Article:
Inauguration Day: Fun and fascinating facts about Presidential Inaugurations
Jan. 20, 2017, is Inauguration Day in the U.S.A. Every four years, the President and Vice President of the United States are sworn in on January 20th.
Fun & Fascinating Facts About Inauguration Day
Did you know Inauguration Day was originally observed on March 4th?
The Twentieth Amendment of United States Constitution specifies January 20 as Inauguration Day. If January 20 falls on a Sunday, a private swearing-in ceremony is held and a public swearing-in will take place the following day.
The Oath of Office contains just 35 words. "I do solemnly swear (or affirm) that I will faithfully execute the Office of President of the United States, and will to the best of my ability, preserve, protect and defend the Constitution of the United States."
"So help me God" is not part of the official oath although most presidents include it.
The shortest inaugural address was made by George Washington during his second term. It was 135 words long - or short!
The longest Inaugural address was given by William Harrison. He delivered his 8,445 word address outside, which took nearly two hours to read. And despite the weather, Harrison did not wear an overcoat or hat. One month after his swearing-in, Harrison died of pneumonia, probably caused by his exposure to the inclement weather on Inauguration Day!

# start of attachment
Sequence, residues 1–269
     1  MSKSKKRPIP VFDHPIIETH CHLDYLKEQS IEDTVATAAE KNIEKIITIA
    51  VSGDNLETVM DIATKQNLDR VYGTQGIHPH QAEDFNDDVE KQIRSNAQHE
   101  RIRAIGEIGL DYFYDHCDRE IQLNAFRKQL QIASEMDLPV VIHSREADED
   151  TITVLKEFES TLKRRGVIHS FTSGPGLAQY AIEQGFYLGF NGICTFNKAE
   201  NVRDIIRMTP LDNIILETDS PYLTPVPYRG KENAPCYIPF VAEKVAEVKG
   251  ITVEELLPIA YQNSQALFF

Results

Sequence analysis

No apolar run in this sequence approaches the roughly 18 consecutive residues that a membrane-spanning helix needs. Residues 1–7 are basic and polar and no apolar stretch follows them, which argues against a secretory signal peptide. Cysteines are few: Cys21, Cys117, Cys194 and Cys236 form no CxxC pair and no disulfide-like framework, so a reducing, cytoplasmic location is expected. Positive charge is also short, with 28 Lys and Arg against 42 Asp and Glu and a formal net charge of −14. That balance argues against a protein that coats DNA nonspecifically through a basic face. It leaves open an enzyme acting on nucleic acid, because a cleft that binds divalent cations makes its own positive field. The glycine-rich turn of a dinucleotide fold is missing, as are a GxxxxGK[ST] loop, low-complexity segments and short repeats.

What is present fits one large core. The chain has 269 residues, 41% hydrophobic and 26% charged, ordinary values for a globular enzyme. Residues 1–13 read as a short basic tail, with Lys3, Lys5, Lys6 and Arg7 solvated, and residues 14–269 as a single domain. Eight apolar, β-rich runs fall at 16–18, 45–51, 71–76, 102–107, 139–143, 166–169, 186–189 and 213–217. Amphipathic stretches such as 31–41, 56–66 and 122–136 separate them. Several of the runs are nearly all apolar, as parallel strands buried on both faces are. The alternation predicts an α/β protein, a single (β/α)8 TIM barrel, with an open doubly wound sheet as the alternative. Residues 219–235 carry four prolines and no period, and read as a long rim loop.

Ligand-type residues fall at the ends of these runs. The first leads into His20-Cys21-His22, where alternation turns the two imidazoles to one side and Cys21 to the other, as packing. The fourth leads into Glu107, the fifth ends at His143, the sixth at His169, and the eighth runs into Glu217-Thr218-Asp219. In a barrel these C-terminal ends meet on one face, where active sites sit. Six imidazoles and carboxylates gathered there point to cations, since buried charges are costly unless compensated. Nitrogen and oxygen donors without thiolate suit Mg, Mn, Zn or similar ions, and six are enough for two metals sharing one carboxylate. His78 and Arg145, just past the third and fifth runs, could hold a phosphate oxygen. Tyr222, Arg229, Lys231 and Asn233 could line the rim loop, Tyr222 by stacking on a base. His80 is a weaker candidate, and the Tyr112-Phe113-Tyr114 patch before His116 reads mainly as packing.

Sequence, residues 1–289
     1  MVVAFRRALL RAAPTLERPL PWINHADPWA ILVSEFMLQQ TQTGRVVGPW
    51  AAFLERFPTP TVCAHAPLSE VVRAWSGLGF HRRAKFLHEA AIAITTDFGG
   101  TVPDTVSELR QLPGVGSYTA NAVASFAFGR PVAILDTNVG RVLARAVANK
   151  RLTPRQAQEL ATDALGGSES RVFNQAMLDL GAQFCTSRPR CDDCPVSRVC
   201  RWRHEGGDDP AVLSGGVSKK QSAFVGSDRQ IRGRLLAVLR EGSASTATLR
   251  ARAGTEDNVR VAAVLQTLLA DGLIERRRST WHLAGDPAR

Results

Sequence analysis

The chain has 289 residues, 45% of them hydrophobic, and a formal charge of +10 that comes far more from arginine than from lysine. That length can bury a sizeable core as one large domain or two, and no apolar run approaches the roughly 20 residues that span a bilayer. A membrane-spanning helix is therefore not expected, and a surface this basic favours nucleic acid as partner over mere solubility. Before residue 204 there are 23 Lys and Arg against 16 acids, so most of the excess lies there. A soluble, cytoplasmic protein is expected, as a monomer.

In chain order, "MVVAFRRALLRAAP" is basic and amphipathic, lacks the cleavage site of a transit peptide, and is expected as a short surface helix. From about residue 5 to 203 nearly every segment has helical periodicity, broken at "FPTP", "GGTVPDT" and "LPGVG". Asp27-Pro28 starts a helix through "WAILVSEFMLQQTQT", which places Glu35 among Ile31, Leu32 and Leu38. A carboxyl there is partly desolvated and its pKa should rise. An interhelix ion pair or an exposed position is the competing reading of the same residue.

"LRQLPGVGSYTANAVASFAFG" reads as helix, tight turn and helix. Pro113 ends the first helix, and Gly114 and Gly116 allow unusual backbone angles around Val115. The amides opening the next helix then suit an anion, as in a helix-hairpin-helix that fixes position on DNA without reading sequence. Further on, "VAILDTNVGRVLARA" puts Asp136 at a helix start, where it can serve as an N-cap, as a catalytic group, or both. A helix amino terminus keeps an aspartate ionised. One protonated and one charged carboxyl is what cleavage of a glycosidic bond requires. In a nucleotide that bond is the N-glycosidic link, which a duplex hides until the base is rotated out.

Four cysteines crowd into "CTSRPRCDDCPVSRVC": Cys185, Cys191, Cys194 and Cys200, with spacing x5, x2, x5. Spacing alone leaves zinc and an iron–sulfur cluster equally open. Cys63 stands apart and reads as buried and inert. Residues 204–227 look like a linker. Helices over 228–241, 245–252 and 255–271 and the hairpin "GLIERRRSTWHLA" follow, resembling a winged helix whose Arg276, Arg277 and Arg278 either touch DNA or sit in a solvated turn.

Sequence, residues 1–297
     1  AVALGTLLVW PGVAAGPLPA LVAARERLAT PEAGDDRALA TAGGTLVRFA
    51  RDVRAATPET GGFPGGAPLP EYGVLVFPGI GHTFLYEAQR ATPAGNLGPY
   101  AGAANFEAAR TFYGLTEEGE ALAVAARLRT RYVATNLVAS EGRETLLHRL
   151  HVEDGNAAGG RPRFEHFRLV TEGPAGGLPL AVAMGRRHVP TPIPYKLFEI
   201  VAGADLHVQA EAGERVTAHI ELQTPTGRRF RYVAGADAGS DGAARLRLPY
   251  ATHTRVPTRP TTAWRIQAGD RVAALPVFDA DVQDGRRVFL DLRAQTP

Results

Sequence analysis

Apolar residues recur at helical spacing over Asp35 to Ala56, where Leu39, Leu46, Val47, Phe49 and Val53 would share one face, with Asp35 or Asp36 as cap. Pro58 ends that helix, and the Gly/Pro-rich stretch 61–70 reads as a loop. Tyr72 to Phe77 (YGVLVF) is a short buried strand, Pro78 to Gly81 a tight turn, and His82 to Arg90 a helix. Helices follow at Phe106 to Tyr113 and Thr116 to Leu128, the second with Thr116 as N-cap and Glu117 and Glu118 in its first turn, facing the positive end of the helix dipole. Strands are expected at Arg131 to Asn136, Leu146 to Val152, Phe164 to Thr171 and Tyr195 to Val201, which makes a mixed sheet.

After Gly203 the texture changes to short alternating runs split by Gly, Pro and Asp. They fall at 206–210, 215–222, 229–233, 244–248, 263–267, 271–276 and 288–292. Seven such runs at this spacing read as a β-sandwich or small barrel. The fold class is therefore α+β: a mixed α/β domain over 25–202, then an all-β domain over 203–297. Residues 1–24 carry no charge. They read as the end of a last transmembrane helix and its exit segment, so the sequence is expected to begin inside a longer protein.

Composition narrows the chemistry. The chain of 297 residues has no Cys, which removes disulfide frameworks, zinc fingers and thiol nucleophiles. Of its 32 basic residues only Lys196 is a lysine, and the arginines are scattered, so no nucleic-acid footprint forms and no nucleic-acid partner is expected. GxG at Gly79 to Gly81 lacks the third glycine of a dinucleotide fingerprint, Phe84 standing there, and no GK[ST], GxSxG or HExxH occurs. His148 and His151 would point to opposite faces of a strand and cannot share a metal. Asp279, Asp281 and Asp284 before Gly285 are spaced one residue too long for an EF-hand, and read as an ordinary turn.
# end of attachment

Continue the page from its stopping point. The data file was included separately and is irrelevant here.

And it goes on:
The warmest January 20 Inauguration Day occurred in 1981, when Ronald Reagan was sworn in. It was a balmy 55 degrees.
President Reagan was not only sworn in on the warmest January day, he was also sworn in on the coldest Inauguration Day. On Jan. 21, 1985, it was 7 degrees!
The coldest Inauguration Day in March was when Ulysses Grant was sworn in. It was 16 degrees on March 4, 1873.
The snowiest Inauguration took place in 1909. It snowed nearly 10 inches on the day William Taft was sworn in.
The first time African Americans participated in the Inaugural Parade was in 1865, when Abraham Lincoln was sworn in.
The first time women participated in the Inaugural Parade was in 1917 when Woodrow Wilson became president.
James Madison is credited as introducing the Inaugural Ball to the event.
Richard Nixon used two family heirloom Bibles during his swearing-in.
The very first time the Inaugural ceremony was broadcast live on the Internet was during President Bill Clinton's swearing-in ceremony on Jan. 20, 1997.
While the Constitution does not specify who does it, the Chief Justice of the Supreme Court has had the honor of administering the Oath of Office since 1797.
Because Chief Justice John Roberts made a mistake when swearing in Barack Obama in 2009, the oath was re-administered later that evening to ensure it was constitutionally accurate.
The largest attendance of ANY event in the history of Washington D.C. and the largest attendance of any Presidential Inauguration occurred on Jan. 20, 2009, during Barack Obama's first Inaugural Ceremony.
Donald J. Trump not only refused to concede the election but refused to attend Joe Biden's inauguration. Both Trump and Melania refused to invite the Biden's over to the White House for the traditional tea, visit of the residence, etc.
Just a few of the items on the menu at the Fifty-Seventh Inaugural Luncheon include Steamed Lobster Tails, Hickory Grilled Bison, Sweet Potato Hay and Hudson Valley Apple Pie.
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